A recent article on the topic of Go Generics slow down code has been widely discussed. This is because Go developers have been waiting for a feature called “generics” for a long time, but in the end they found it to be a bit of a letdown.

Ian Lance Taylor, the lead designer of Go generics, has also noticed the discussion, so he recently published his 2021 talk on the official Go blog, “When To Use Generics,” to introduce the best time to use Go generics.

The article mentioned above points out that historically, system languages such as C++, D, and even Rust have used the monomorphization method to implement generics. However, Go 1.18’s implementation of generics does not rely exclusively on monomorphization, but instead uses a partial monomorphization technique called “GCShape stenciling with Dictionaries”. This approach has the advantage of significantly reducing the amount of code, but in certain cases, it can lead to slower code.

Ian Lance Taylor says that Go’s general development guidelines require that developers write Go programs by writing code, not by defining types. When it comes to generics, if you write a program by defining type parameter constraints, you’re starting off on the wrong foot. The correct solution is to start by writing functions, and once the role of type parameters is clear, it’s easy to add them.

Ian then lists four situations in which type parameters can be effective。

  1. special container types defined using the language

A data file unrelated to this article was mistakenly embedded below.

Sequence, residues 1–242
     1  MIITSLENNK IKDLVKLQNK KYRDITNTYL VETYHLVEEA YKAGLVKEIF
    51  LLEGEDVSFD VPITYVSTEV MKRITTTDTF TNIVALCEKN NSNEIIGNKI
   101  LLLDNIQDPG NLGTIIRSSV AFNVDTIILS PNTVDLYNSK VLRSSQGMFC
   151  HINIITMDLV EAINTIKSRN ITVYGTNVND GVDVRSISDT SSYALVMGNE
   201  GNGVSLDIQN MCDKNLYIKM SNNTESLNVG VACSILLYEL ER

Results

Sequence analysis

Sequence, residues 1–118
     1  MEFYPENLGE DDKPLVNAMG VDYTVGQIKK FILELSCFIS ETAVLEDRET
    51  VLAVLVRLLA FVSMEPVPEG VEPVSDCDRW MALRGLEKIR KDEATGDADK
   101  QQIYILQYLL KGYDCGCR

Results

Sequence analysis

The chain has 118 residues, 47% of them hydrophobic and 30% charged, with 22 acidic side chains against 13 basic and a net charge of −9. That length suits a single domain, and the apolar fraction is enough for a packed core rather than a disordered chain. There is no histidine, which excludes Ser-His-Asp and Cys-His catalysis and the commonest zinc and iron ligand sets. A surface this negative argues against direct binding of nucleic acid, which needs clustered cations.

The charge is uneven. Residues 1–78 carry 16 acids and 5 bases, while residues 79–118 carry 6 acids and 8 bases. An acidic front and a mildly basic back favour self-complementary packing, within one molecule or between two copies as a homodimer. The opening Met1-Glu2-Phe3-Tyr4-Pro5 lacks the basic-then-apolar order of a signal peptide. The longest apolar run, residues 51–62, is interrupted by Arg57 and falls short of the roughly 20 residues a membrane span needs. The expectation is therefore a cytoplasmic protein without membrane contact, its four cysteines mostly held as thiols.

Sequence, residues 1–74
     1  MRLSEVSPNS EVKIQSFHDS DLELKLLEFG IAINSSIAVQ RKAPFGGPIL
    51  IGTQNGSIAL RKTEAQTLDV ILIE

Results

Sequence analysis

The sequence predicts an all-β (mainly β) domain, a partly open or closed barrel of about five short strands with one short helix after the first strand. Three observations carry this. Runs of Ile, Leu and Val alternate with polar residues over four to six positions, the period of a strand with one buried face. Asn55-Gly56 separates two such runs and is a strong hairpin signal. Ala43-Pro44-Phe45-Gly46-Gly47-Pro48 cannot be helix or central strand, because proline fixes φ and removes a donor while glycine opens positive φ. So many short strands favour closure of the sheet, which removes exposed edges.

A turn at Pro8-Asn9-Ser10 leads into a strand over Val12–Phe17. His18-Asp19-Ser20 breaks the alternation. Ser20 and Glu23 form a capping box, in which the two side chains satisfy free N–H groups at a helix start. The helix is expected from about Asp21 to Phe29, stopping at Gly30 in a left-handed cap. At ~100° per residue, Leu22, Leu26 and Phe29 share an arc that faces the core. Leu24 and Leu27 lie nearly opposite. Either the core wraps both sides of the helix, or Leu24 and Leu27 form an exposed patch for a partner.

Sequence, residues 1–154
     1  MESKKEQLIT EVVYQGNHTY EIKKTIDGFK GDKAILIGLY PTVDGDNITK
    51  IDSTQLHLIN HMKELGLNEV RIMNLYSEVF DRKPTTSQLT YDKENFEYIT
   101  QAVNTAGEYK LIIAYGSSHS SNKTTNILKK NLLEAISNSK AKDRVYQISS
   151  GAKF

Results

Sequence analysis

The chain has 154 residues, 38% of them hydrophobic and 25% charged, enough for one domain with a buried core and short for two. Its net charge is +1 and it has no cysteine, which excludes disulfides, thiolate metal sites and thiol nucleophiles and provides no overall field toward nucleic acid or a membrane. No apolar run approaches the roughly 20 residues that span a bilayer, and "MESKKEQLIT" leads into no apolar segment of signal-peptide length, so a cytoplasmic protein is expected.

2. generic data structures
  3. when the preferred type parameter is a function, not a method
  4. different types need to implement generic methods

It also reminds that the use of type parameters is not appropriate in the following cases.

  1. do not use type parameters instead of interface types (Interface Type)
  2. do not use type parameters if the method implementation is different
  3. use reflection (reflection) where appropriate

Finally, Ian gives a brief guideline for the use of generic types. When developers find themselves writing the exact same code multiple times, and the only difference between these copies is the use of different types, then they can consider using type parameters. In other words, developers should avoid using type parameters until they find themselves writing the exact same code multiple times.

Extended reading: Father of Go Language Introduces Generics